NatWest Exit Pound Sterling / Euro Bet

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Foreign exchange strategists at NatWest Markets have exited a long running trade recommendation that looked to benefit from the British Pound's appreciation against the Euro and Franc.

The UK based lender and investment bank has held a recommendation for Sterling-Euro upside since early 2021, eyeing an economic recovery driven largely by fading Brexit premiums and the country's rapid vaccine rollout.

But the UK's economic outlook faces significant challenges as the second quarter approaches amidst surging global and domestic inflation, boosted since late February by Russia's invasion of Ukraine.

"It’s possible softening growth prospects soon start to outweigh tighter monetary policy," says Paul Robson, Head of G10 FX Strategy at NatWest, signalling a potential shift in Sterling's drivers.

For 2022 the long-Sterling theme was extended by the strategy team, but this time against the safe haven Swiss Franc which has been an unsurprising beneficiary of the war in Eastern Europe.

The Pound nevertheless started 2022 on a firm footing and NatWest's winning trade looked to deliver further gains, rallying against all major peers as investors bet the Bank of England would lead central bank peers in raising interest rates.

But fast-forward to March and this channel of support appears to have lost potency; indeed the Pound is now the worst performing major currency of 2022.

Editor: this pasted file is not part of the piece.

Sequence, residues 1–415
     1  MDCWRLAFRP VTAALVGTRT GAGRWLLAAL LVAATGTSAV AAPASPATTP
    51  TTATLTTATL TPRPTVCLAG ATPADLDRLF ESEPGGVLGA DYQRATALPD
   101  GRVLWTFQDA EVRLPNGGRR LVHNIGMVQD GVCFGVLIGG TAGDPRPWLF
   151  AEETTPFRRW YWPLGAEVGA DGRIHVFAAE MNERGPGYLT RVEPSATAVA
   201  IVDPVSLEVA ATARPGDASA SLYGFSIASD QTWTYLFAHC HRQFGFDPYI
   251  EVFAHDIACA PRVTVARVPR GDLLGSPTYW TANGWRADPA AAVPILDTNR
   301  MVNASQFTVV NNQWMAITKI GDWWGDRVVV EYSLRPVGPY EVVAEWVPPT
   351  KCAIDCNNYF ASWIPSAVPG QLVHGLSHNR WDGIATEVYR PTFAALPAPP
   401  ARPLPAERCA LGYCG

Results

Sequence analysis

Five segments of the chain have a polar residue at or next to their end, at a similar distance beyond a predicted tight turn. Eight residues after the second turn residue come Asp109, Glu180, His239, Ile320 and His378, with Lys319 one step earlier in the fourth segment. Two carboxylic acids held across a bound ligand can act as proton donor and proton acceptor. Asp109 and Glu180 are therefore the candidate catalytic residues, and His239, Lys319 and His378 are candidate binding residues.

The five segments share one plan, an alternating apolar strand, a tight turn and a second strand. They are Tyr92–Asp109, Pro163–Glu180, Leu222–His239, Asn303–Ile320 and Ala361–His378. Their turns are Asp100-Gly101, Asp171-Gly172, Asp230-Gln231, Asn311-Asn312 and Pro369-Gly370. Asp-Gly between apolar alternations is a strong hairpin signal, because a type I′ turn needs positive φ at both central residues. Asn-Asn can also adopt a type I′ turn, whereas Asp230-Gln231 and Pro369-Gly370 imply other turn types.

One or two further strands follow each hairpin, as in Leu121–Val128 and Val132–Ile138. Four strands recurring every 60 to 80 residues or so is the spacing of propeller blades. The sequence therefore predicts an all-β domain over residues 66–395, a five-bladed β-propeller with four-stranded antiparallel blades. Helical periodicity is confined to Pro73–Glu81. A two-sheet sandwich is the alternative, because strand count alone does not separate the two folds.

GBP/EUR since 2021

Above: GBP/EUR has delivered significant upside since 2021, but could the rally have reached its zenith?

  • Reference rates at publication:
    GBP to EUR: 1.1879
  • High street bank rates (indicative): 1.1462 - 1.1545
  • Payment specialist rates (indicative): 1.1770 - 1.1810
  • Find out more about specialist rates and service, here
  • Set up an exchange rate alert, here

The war in Ukraine which has pended the positive narrative on Sterling, pushing commodity prices notably higher and increasing inflationary headwinds.

Economists calculate surging inflation will compromise consumer sentiment and spending power to the degree the economy underperforms relative to expectations held at the start of the year.

"While monetary policy developments will remain an important driver of the currency, portfolio rebalancing and risk appetite that’s influenced by Ukraine are also likely to be important in driving sentiment," says Robson.

The Pound has traditionally traded as a pro-cyclical currency that appreciates during times of economic expansion and bullish investor confidence, but it struggles during times of intense market anxiety.

Indeed the Pound's lowest values reached against the Euro came in the wake of the 2008 financial crisis and then again during the Coronavirus market selloff of early 2020.

Market anxieties and a downgraded economic growth outlook linked to Ukraine are therefore inevitably providing an uncomfortable context for Sterling bulls.

"Given growing uncertainty over the UK growth outlook, we have decided to close our long Sterling against EUR and CHF position," says Robson.

Looking ahead, Robson says the Pound could become more attractive as a strategic 'long' were the UK government to offer the economy support.

"A large fiscal response to offset the cost of living shock would add new vigour to currency’s rise against the EUR, so the upcoming Budget on March 23rd has taken on greater significance for the currency," says Robson.

As it stands the government looks unwilling to provide significant support and will proceed to raise National Insurance requirements on employers and employees in April, the same month consumers are hit by a lift in the energy price cap.

The Pound to Euro exchange rate is at 1.1881 at the time of writing, having started 2022 at 1.1898 and having been as high as 1.2190.